God does not always explain his commandments or justify them in mortal eyes. The Bible seems to countenance slavery, for example. God commanded Abraham to offer his only son up as a human sacrifice. Even though he prevented Abraham from doing so, he didn't apologize. I think he didn't have to. Similarly, God commanded the LDS prophets to do some things that seemed appalling, sometimes, it seems, just to strengthen the faith of his people, and revoked those commandments when they had sacrificed their all to obey them.

Utah was not allowed statehood until it adopted laws against polygamy.

Well, it seems the French have found something that's making them criticize their government.

Instapundit calls this story "another victory for anti-idiotarianism." I view it as extreme idiotarianism when people with serious jobs waste their time attacking another person's expression of his faith. This obsession with the Tend Commandments has become a wtich hunt. Recently the ACLU in Utah posted a request on its website asking its supporters to help it hunt down the last of 9 such monuments which had been donated by the Eagles 30 or 40 years ago. The first eight have been removed from public property, but just knowing that there's another out there is apparently annoying the heck out of them.

This resembles McCarthyism far more than protecting civil liberties. To me, civil liberties refers to things people are allowed to do, not what is prohibited. The idea that celebrating a historical statement of law which is sacred to three major world religions must be prevented smacks of oppression, not freedom. I could imagine these people defending the judge who wants the monument, on the basis of religious freedom and free speech, but the idea that civil liberties would be used to promote intolerance turns that concept on its head. It is said that such monuments constitute an an endorsement, and therefore an establishment, of religion, but that is a casuistic and quibbling argument. You have to look at the excesses of state churchs that were familiar to the framers to understand the meaning of the establishment clause. They were thinking of religious tests and oaths and the granting of state powers to ecclesiastical officials, such as the inquistion. They were seeking to establish and guarantee tolerance, not this kind of judicial rule by fiat. We are in far more danger today from judges attempting to purify the country from religious faith, that from any number of stone monuments. This is part and parcel of the fear that has come over our society, fear of using the wrong words, expressing the wrong opinion, of offending the wrong people, or exercising the wrong right. That is idiocy, not anti-idiotarianism, and it disappoints me that a person as intelligent and educated as Professor Reynolds seems to think it's a victory for the Bill of Rights. It smacks of a '60s-like view that government is the enemy and that anarchy is desirable, and a failure to realize that well-funded groups who have appointed themselves as the arbiters of our rights are more dangerous to those rights than anyone in government. There are ways to deal with excesses of government officials, but who will protect us from the ACLU?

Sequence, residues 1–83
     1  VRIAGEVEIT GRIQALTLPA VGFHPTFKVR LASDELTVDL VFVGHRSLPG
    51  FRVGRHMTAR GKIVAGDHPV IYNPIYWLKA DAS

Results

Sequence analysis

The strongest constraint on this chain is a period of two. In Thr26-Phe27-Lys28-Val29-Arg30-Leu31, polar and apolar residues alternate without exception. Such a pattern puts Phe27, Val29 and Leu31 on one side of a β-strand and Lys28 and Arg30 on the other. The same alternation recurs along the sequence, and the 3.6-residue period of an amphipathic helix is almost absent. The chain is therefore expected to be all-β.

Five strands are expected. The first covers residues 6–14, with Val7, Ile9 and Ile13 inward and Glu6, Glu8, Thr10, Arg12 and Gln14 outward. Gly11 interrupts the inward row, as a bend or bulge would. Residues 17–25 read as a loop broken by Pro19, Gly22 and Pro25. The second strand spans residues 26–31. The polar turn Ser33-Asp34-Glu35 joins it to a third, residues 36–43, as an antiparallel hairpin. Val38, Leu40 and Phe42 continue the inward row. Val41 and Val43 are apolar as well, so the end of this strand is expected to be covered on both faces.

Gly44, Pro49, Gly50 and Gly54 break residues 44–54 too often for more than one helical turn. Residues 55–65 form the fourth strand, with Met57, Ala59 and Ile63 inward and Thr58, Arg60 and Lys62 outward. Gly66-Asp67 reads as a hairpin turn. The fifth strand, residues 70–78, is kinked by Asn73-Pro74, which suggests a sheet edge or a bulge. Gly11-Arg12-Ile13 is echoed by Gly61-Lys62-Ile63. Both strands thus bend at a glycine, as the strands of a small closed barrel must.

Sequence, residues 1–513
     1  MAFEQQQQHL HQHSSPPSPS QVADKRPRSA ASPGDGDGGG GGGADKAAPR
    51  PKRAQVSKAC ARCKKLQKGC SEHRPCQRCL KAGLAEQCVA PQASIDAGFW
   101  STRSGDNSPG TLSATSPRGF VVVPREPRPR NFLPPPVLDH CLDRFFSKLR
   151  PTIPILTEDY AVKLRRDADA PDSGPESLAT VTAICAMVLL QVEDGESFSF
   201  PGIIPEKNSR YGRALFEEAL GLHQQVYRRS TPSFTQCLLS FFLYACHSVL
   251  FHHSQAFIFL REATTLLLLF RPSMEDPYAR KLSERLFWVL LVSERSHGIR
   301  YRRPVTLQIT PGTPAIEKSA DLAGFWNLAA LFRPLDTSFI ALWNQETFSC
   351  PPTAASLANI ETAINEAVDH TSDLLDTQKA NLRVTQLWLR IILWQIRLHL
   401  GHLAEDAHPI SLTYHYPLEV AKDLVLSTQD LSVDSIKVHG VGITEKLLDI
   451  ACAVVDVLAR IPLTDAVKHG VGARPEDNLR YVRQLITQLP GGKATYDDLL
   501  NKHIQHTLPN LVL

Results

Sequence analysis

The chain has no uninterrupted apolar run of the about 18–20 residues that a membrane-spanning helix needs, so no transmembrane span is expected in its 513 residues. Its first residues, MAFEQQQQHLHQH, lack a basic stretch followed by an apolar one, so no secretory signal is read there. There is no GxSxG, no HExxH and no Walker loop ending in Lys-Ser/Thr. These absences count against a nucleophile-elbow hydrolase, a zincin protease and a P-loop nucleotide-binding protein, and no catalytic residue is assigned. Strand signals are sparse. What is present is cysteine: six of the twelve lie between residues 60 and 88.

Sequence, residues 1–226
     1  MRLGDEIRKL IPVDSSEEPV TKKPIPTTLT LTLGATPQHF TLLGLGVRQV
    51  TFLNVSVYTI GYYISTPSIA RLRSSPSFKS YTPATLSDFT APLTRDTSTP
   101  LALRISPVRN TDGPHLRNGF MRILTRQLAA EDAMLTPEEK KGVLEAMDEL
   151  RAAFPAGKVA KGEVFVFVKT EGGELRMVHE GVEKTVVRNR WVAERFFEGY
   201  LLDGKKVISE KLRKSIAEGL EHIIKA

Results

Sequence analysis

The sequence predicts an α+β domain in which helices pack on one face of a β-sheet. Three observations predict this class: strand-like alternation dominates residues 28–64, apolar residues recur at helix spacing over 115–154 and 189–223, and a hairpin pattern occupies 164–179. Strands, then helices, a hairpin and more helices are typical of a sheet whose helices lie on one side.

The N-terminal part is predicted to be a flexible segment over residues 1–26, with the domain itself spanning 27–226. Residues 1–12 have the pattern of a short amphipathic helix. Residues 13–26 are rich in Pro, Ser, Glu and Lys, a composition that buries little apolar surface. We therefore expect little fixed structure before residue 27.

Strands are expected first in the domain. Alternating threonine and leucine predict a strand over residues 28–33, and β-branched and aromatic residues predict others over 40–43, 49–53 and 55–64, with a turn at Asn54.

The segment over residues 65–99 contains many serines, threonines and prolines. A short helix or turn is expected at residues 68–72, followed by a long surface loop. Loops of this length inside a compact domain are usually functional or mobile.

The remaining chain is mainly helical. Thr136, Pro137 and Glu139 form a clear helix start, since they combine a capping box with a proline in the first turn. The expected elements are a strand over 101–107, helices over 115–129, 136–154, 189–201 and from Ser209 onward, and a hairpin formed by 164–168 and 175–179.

Wednesday, August 20, 2003

Normally, I'd have emailed Instapundit in response to his post about the sobig.f worm that's swamping the internet. Something snide about the "right" to anonymity that seems to keep us from implementing measures that could put a stop to this nonsense. Someday, our children will look back on this civil liberties fetish and wonder how we got to be such morons. I saw a segment on C-Span2 about Mr. Justice William O. "Wild Bill" Douglas, whose lying and sexual appetites make Bill Clinton look like a monk. He was basically a politician who wanted "Supreme Court Justice" on his resume as a stepping stone to a presidential campaign. FDR foiled the plan by staying in office as long as a SCOTUS justice, but Douglas used his power to steer the country to the left and his influence will take far longer to undo, if it ever is.

Tuesday, August 19, 2003

Congrats to my alma mater, BYU on being voted "the nation's No. 1 stone-cold-sober college for a fifth consecutive year, a run unmatched by any school on any of the lists compiled annually by the Princeton Review."

Frank Gaffney has a sobering commentary about the vulnerability of our power grid to an EMP (electromagnetic pulse) weapon. They work on the fundamental principle that a magnetic field moving past a stationary wire (or more commonly a wire moving through a fixed magnetic field) induces a current. It is believed that a surge in the solar wind has caused this effect and the surge caused a blackout similar to that just experienced in the Northeast. EMPs are emitted by nuclear weapons, and the reason they are serious is that inducing a current in electronic equipment like everything in use today can burn out chips and transistors which are designed to run on low current and voltages. Of course, the technology developed to protect military equipment is top secret, but it is going to have to be declassified to the extent possible to protect our power grid.

When I hear politicians like Hillary! pass the buck and groups like the ACLU and Sierra Club denounce efforts to protect us and provide the energy we need, I think we deserve to be attacked. We have known that we were vulnerable to OPEC since 1974 and we've had enough blackouts and power shortages that you'd think we'd learn, but as soon as the power is back on, it's business as usual. I hope you've all got your food and water storage up to date.

Monday, August 18, 2003

Glenn, this is an, er, infelicitous choice of words. Somehow, factchecking someone's synedoche carries a difference suggestiveness when the object is a woman, especially one who has traded on her looks as much as Arianna has. The point is well-taken, nevertheless. She's a really more pure celebrity than Arnold is, and hasn't seemed to finish trying on political views quite yet.